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The importance of good fuel:

Updated: Sep 5, 2022



Boosted cars are much more susceptible to engine failure from bad gas than NA cars because of the extreme pressures/heat the cylinders are under when compared to a stock compression NA car. When I(or any good tuner) send a customer a basemap for a VR30, regardless of mods, the first pull is done on significantly less boost and timing from where we will end up. The reason this is done is to do an overall wellness check on the current condition of the engine. The margin of error is much bigger when the car is running a little more than stock power/timing on the first map. This way, if a problem does occur(like a belt flying off, or bad gas) the likely hood of catastrophic failure is reduced(not eliminated). Unfortunately, even the safest tune can push an engine to the point of failure that was already close to the edge.


When it comes to fuel, where you get it is just as important as who you allow to tune your car. It doesn't matter if its from Costco, Mobile, BP, Shell, Sunoco, or the supermarket. It also doesn't matter if you have the best tuner in the world. If the quality of gas at that specific station is bad, it could lead to engine failure. This can be due to bad/old/leaking fuel storage tanks that seriously degrade the quality of fuel being pumped into your car.


Now, 1-2° of knock is completely acceptable and can happen randomly even with good fuel. There are too many factors to list as to what can be the actual cause, but something as simple as hitting a bump in the road and momentarily changing load can do this. The ECU constantly transitions between a BASE TIMING MAP and A MAX TIMING MAP. If the car detects knock, it will move away from the max timing map back toward the base timing map. It also has the ability to go even further(whatever your tuner sets in the KNOCK RETARD LIMITER MAP) which can be up to an additional 10°(or more) of timing pulled out from the BASE TIMING MAP to try and save the engine. This doesn't guarantee a save, but aids in a reduction of potential failure. When you see things like 5° of knock or more, that is usually a sign of a potentially major issue. Ignoring it can and will usually lead to an engine failure.


When a customer past or present comes to me saying their car is knocking out of nowhere(or the basemap shows a ton of knock) the first thing I tell them to do is STOP beating on the car, get the gas down to the light, and fill up at a different station(preferably a name brand) and get me another log. 997/1000 times, this fixes the issue. With no other changes to the map and the total absence knock, the problem was the fuel. I had one customer spend 2 weeks in the dealership due to the car breaking up, plugs, injectors, and coils were replaced only to find out that the fuel was not only bad, but horrible. If you smell "rotten" gas, its a smell you will never forget.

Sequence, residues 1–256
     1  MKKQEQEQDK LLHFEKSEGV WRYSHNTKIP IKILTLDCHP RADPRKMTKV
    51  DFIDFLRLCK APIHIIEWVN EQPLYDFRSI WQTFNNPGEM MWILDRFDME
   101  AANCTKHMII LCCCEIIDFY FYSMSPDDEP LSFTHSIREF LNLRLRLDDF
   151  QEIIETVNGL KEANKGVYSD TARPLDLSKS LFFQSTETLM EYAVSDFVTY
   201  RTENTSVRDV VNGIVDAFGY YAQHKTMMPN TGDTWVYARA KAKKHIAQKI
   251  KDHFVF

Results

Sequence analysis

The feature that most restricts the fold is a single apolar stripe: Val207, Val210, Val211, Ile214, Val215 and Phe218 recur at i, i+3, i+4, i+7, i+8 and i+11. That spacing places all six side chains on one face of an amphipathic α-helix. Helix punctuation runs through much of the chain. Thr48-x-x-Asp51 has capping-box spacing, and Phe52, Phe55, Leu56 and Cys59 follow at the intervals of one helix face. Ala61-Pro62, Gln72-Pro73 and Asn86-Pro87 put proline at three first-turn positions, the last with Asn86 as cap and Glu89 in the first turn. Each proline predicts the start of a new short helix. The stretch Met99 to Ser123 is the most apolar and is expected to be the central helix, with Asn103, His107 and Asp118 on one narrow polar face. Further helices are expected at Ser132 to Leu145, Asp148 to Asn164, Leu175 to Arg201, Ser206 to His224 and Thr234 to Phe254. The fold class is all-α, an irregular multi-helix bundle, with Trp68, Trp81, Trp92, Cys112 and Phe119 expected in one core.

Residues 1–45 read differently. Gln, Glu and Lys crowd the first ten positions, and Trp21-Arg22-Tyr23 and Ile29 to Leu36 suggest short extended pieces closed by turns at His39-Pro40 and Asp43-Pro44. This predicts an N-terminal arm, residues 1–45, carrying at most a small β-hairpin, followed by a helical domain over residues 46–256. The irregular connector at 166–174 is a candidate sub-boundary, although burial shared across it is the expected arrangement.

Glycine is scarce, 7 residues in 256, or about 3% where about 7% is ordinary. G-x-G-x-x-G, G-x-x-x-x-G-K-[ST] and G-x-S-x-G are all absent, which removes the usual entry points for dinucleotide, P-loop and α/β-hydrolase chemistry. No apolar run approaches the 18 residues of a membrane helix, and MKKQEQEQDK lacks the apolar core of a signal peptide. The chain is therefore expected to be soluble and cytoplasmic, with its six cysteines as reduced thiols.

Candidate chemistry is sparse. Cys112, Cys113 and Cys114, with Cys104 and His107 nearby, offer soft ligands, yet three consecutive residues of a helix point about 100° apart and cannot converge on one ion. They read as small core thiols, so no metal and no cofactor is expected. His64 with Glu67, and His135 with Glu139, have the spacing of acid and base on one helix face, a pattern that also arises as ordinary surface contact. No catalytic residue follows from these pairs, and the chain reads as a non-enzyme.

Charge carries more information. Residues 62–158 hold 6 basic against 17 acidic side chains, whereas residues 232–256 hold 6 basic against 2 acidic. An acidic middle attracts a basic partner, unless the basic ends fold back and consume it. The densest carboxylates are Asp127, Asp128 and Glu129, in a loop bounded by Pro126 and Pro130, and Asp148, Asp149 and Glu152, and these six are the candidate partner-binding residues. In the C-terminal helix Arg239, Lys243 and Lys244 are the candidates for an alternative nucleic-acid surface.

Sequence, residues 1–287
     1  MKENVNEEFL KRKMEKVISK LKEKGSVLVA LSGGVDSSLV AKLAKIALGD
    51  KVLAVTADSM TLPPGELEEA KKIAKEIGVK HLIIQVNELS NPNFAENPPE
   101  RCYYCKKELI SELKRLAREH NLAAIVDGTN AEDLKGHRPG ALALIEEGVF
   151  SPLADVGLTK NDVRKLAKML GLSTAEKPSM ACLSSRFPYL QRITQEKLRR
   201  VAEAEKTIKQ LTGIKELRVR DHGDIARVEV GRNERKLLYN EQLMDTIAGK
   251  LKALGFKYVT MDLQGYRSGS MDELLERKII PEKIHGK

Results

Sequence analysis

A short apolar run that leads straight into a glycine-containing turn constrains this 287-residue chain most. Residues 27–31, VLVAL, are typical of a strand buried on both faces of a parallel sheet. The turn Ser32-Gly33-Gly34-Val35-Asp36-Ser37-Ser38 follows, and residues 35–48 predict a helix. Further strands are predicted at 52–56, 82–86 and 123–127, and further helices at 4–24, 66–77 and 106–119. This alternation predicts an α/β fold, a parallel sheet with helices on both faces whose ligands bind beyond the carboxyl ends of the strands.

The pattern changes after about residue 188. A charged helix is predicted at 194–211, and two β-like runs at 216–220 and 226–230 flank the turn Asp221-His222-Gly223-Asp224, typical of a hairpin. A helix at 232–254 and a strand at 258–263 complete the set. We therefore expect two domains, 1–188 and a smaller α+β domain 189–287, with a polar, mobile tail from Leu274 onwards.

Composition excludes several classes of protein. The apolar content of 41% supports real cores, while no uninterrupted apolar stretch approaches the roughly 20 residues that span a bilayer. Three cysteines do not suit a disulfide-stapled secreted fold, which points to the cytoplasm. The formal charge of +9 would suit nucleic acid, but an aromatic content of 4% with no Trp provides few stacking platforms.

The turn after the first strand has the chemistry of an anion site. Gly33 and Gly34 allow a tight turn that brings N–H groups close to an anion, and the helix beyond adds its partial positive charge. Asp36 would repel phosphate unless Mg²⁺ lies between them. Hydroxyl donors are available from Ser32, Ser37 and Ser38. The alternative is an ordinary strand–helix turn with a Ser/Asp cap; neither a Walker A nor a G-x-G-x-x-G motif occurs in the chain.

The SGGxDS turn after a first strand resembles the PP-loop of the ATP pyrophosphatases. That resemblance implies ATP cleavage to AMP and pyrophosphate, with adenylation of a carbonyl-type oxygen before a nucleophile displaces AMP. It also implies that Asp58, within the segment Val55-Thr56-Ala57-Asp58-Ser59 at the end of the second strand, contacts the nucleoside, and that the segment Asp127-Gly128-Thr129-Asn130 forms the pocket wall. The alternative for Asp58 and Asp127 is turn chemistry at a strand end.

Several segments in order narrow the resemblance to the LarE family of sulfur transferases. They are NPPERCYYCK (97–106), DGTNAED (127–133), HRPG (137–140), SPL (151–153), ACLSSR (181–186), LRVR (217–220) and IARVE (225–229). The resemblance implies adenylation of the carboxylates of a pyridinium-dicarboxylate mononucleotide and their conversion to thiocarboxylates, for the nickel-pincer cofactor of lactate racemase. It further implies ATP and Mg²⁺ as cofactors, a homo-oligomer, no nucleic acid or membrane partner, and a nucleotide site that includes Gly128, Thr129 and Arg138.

If you see a massive amount of knock come out of nowhere and cannot get ahold of your tuner right away, don't panic. Drive the car like normal to exhaust all of the fuel in the tank and fill up somewhere else and monitor it. It may take up to two refills to completely get rid of whatever was in the tank. If the issue disappears, you solved the issue on your own and there is no need for any further action other than never going back to the place that caused the issue. If it doesn't go away, there may be other issues that you will need a mechanic and/or your tuner to try and help diagnose. Many engine failures have gone misdiagnosed as a bad tune or something else when the only thing wrong was the gas they put in their car and the massive amount of detonation broke a piston/ring land or something else.


I have attached a datalog comparison below of a customer who has been having heavy knock issues. Despite turning down the timing to try and accommodate fuel quality, the knock remained and even got worse. The top log shows the customer doing an extended pull and the knock getting up to 6° which is considered heavy knock and as you can see, it would have kept going up as the run continued. The log below it is the exact same run showing zero knock. Both runs were done on the same map with the ONLY changes being made were from getting fuel at a different gas station. As you can see, by simply changing stations, a tune that someone could have seen as "dangerous" was nothing more than poor fuel and it would have been enough to eventually take the engine out.





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